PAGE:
bus driver, David Reimer, a failed businessman, a drunk curler at the Tournament of Hearts, Virtute the Cat (again), NHL legend Gump Worsley, a couple of Edward Hopper paintings, a ferry operator who saw Bigfoot, a band touring one more time, and possibly John K. Samson himself; it's no wonder the Weakerthans take so long to make records, Samson probably has to hole up and do research for a while. Reunion Tour doesn't have the cast of dozens that you find in most concept albums or even attempted-concept albums, it's just another set of vignettes about not knowing what to say, walking slowly past houses you wish you could forget, rejection, and the belated realization that you've rejected others.
Musically it's the most 'experimental' of the Weakerthans' discs, although there's nothing here that would give any post-Kid A rock band pause (even the twittering, electronics-and-pedal-steel intro to “Utilities” merges into something approximating the band's standard meat-and-potatoes sound). And honestly, with all due respect to the other three guys (especially drums-and-percussion-and-everything man Jason Tait) the Weakerthans aren't worth a ton of attention without Samson's lyrics. He's still the only ex-punk rocker (remember Propaghandi?) whose albums are more fun to read than to listen to, which he seemingly acknowledges and abets when he formats his song lyrics in the booklets like they're paragraph long short stories. (Which they are.) At his best here he's still got some devastating lines; “The pause feels like an extra year of high school,” conveys what the about-to-be-sacked schmuck of “Relative Surplus Value” is feeling so precisely that you can't help wincing.
Which doesn't mean there aren't any tunes here. Now that I've gotten over being bitter that they'll probably never top Left and Leaving (the Canadian album of the past ten years, and I don't care how many Broken Social Scenes and Arcade Fires you pitch at it) and just resigned myself to them putting out albums that aren't quite that transcendent, this and its predecessor seem a lot more like the modest successes they are. I can notice that the opening “Civil Twilight” (whose “My chance to say something seemed so brief, but it wasn't. Now I know I had plenty of time,” sums up the Weakerthans' music perfectly) finally manages to find a speed between Samson's “Watermark” and “Everything Must Go” modes, as well as a better chorus than anything on the overrated-but-still-good Reconstruction Site.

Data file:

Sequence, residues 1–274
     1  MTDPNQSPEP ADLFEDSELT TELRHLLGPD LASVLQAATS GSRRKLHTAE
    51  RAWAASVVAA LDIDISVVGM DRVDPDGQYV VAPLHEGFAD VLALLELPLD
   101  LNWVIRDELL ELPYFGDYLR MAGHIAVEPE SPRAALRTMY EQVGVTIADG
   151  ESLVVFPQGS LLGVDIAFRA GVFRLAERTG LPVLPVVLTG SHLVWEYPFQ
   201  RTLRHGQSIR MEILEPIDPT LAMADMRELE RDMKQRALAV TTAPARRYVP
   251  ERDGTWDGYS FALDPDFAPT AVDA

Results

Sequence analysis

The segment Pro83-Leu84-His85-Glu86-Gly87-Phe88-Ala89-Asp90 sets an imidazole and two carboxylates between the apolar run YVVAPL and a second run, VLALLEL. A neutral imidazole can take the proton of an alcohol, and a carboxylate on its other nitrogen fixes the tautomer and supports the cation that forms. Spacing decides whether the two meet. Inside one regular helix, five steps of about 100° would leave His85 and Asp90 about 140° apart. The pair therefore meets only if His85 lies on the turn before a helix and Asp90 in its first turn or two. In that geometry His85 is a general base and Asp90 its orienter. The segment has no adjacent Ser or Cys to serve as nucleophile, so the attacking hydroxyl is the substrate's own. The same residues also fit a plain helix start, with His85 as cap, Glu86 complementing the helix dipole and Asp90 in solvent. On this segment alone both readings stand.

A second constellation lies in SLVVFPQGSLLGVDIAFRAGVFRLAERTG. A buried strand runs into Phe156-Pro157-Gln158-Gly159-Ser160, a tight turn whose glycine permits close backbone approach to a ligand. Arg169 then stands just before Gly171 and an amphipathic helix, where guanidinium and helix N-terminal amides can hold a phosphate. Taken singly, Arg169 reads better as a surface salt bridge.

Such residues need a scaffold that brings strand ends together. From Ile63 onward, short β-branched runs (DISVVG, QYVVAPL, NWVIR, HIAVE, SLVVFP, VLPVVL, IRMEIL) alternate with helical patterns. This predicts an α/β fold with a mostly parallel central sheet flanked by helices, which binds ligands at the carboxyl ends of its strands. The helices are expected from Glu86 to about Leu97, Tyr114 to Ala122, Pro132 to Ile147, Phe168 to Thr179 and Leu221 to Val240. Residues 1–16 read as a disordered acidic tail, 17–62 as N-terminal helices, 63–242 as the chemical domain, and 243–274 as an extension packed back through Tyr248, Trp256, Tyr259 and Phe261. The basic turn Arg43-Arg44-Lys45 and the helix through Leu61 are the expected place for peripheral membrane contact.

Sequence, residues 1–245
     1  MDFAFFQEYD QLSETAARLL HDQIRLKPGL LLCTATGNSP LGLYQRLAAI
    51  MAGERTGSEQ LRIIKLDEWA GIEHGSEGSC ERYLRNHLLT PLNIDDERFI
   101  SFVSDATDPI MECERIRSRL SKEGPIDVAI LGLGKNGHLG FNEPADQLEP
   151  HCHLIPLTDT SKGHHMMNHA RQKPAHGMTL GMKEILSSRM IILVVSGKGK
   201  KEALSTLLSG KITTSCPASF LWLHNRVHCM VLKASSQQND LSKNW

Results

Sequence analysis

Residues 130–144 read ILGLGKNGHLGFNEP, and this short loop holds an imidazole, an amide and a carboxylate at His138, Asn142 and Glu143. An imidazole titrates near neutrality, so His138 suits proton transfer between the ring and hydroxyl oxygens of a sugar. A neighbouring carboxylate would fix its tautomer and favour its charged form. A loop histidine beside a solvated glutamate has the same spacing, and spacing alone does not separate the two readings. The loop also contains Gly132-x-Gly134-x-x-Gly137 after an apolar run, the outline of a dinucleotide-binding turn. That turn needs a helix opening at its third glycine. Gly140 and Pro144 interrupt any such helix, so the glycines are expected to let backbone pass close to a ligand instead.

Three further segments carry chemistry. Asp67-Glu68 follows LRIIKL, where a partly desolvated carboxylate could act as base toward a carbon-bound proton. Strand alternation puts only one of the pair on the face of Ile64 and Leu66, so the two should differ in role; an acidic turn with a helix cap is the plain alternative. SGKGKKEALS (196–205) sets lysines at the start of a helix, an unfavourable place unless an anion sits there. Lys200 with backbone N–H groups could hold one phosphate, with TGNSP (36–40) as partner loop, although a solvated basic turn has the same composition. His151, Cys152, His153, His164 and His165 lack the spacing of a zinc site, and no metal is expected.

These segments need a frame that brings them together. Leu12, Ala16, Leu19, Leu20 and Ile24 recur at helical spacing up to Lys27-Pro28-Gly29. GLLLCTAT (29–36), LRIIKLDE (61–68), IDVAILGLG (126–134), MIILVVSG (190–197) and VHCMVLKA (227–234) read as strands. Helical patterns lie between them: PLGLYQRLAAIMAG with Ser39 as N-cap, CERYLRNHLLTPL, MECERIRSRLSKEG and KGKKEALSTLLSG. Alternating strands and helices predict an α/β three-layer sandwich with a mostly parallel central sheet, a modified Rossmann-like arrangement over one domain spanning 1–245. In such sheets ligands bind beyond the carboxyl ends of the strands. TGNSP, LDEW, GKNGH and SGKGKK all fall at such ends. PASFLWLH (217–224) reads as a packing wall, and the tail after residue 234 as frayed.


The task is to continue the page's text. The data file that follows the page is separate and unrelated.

Sometimes Samson's ur-Canadian setting and subjects seem a bit obvious (“Tournament of Hearts” is brisk and fluid but wishes it could steal some of the subtlety with which Constantines made the same almost-pun by using it to title their last album), but better that sincerity than another ironic or post-ironic songwriter. I guess the Weakerthans are our equivalent of the Hold Steady, for better or worse; their steadily, sturdily conventional rock and roll is more compelling and rich than most people would admit as they're busy gawking at the sight of the Amazing Lyricist and his Kinda Weak Voice, but Samson always seems more lovable and wise than Craig Finn; probably because instead of constructing grand, rock-and-roll-and-Catholicism mythologies, he just crawls into our minds during the worst nights alone and projects them enough that we can feel good about it again. I'll settle for less than perfect, but guys, if you could take less than four years this time it'd do my heart and my drinking habits a world of good.